The main influence is interest rates. People will pay what they can afford. As interest rates have consistently gone down house prices have gone up. However, even though the home buyer can afford to repay larger loans with lower interest, the size of the required deposit rises out of proportion and the consistent growth in home prices has meant getting a deposit is blocking out many new home buyers.

Demographic change

The second influence is population growth. With a static population house prices would settle at some fixed standard and would move pretty much in fixed ratio with incomes. With population growth comes competition for the existing stock of houses. Not only is the population of Sydney and Melbourne rising but there is a change in the demographic. Home ownership is important to new immigrants from Asia, and not just one home but several. Some young immigrants from China came here as the children of wealthy Chinese. They have resources behind them and a desire to have the best. They also have resources to overcome the deposit gap.

Tax 

Negative gearing and CGT concessions are a strong signal to these buyers. Even if these will not actually make a person richer, the existence of these sanctioned tax avoidance mechanisms is attracting people to make certain investment decisions, even to make bad ones. For people who see homes as a store of wealth these are special incentives. Again, this goes to the special nature of the current home-buying demographic. As prices have continued to rise the investment decision is proven to be correct and entices another round of bidding up.

Overseas buyers

Overseas buyers may only be ten percent of total new home sales, especially apartments, but as many of these are remaining vacant, this investment is actually diverting resources from adding to the supply. Sydney and Melbourne are stand-outs because of their stature as ‘World Cities.’ The attraction of having an asset in such a city at a time when prices are rising at much higher rates than other investments can be a status thing for overseas buyers. Given the populations of countries involved dwarf the Australian population of home buyers there is likely to be some pressure on housing for some time.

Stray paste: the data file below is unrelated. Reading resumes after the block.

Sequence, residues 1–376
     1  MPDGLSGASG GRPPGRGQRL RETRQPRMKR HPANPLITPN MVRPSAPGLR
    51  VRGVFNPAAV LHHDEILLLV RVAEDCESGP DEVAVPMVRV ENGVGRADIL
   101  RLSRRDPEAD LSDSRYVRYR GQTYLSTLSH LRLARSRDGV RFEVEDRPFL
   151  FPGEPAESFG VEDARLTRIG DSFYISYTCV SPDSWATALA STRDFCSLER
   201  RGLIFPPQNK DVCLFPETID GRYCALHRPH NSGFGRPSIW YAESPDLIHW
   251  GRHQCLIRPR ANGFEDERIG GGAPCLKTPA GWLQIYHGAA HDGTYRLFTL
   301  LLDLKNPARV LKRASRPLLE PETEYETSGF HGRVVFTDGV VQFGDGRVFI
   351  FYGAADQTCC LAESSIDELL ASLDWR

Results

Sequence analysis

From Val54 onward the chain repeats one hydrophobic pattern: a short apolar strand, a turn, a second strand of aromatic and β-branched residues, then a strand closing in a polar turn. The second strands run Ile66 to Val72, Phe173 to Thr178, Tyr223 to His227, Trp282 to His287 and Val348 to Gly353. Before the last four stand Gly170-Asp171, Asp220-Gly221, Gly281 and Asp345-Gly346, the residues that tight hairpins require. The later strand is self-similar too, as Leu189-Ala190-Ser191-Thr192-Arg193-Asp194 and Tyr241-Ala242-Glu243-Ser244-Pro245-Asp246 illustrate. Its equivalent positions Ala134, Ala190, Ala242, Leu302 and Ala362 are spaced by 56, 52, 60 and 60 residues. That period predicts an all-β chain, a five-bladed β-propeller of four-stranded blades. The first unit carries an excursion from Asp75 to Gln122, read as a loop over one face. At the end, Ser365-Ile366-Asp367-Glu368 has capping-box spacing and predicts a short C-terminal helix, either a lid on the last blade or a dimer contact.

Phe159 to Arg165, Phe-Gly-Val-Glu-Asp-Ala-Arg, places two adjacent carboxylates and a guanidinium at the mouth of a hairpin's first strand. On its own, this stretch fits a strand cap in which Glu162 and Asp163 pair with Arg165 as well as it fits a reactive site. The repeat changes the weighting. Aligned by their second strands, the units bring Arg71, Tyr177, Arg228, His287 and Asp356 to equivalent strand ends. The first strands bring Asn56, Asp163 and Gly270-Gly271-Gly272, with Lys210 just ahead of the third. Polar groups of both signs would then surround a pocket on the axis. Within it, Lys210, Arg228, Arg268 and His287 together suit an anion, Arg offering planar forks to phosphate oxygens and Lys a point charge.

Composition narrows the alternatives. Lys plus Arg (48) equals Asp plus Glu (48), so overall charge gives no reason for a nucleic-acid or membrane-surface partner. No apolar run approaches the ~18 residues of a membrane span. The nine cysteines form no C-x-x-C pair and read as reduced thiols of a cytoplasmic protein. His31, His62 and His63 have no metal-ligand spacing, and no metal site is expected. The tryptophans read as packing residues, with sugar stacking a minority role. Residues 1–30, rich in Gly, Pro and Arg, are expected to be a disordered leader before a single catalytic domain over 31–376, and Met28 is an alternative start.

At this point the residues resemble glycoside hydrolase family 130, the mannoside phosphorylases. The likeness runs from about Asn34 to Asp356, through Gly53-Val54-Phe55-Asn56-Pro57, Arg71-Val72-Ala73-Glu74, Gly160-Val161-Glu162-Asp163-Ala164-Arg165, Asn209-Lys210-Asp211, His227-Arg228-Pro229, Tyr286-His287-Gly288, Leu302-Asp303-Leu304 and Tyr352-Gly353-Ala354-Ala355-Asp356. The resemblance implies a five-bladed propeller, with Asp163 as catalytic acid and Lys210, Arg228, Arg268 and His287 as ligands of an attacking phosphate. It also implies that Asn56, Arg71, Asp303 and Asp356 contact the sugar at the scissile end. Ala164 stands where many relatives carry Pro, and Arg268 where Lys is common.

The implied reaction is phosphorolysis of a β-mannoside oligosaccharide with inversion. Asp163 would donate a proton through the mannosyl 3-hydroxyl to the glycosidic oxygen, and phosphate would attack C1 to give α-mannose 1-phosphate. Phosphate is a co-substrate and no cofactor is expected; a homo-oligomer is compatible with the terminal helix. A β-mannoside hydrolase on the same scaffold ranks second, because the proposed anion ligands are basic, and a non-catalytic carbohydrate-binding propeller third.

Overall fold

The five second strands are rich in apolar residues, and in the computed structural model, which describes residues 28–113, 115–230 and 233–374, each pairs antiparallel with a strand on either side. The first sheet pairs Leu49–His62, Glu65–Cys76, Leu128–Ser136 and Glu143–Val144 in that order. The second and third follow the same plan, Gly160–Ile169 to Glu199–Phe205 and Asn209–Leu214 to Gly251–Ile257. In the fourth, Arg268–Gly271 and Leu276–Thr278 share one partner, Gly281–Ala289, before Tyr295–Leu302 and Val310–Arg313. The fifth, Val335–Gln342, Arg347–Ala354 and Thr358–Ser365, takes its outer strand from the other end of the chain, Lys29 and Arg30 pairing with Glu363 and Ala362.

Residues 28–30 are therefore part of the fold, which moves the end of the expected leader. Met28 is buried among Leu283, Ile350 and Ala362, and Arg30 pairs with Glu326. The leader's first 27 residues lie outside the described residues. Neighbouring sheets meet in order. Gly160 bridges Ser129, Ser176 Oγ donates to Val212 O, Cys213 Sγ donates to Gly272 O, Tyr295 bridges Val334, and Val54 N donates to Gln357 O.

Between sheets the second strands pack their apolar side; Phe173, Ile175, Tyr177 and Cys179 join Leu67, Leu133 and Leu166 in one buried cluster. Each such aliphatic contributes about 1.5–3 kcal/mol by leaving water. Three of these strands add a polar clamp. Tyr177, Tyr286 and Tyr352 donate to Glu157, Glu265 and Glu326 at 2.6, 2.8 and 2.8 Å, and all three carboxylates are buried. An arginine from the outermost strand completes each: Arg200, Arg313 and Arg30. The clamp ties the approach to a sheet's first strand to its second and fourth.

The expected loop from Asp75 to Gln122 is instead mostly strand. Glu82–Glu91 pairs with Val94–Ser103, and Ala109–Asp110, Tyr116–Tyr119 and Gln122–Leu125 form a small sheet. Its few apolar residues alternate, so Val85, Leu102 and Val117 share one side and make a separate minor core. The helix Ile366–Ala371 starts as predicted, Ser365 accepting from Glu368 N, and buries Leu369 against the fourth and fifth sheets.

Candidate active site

The bubble

Is there a bubble? There appears to be a bubble in Sydney and possibly in Melbourne. Will it burst? If interest rates rose to what they were twenty years ago prices would have to come down but that is unlikely. It would cause such a recession that interest rates would drop back to even lower levels. It’s likely that the principal factors at play continue for some time. Overseas buyers will continue to try to buy property in Sydney and Melbourne. Those who have amassed wealth through tax-incentivised investment will continue to do so.

The oft-stated proposition that houses are ‘unaffordable’ is nonsense, as someone can afford them, or thinks they can. The statement that the problem is a lack of supply is partly nonsense because it cannot be used as a basis for policy. The number of homes within 10 kilometres of the city or with a harbour view or on a decent-sized block of land is fixed. So, what can be done?

Here are some policies that would work:

  • Reduce population growth
  • Remove the dual incentives for investing in houses as the only way to amass wealth – either CGT concessions or negative gearing has to go.
  • Increase taxes on unoccupied dwellings to remove incentives to buy property just for the capital gain.

Some policies that would not work:

  • Allow people to access superannuation to get a deposit
  • Increasing first homebuyer grants
  • Any policy at all that is aimed at the demand side